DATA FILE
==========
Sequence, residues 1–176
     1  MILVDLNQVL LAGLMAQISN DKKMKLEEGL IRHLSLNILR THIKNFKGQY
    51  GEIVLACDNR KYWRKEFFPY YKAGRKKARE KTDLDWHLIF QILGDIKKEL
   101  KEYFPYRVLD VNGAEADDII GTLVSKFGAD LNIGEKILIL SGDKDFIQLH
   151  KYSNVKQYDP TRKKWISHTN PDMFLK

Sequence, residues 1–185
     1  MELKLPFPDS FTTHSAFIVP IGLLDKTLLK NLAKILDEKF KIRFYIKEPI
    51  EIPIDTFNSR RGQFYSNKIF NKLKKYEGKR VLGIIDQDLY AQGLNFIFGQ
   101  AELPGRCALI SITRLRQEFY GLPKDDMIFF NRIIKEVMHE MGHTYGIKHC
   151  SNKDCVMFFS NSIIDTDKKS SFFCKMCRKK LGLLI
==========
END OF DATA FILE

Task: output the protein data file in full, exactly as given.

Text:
Sequence, residues 1–176
     1  MILVDLNQVL LAGLMAQISN DKKMKLEEGL IRHLSLNILR THIKNFKGQY
    51  GEIVLACDNR KYWRKEFFPY YKAGRKKARE KTDLDWHLIF QILGDIKKEL
   101  KEYFPYRVLD VNGAEADDII GTLVSKFGAD LNIGEKILIL SGDKDFIQLH
   151  KYSNVKQYDP TRKKWISHTN PDMFLK

Sequence, residues 1–185
     1  MELKLPFPDS FTTHSAFIVP IGLLDKTLLK NLAKILDEKF KIRFYIKEPI
    51  EIPIDTFNSR RGQFYSNKIF NKLKKYEGKR VLGIIDQDLY AQGLNFIFGQ
   101  AELPGRCALI SITRLRQEFY GLPKDDMIFF NRIIKEVMHE MGHTYGIKHC
   151  SNKDCVMFFS NSIIDTDKKS SFFCKMCRKK LGLLI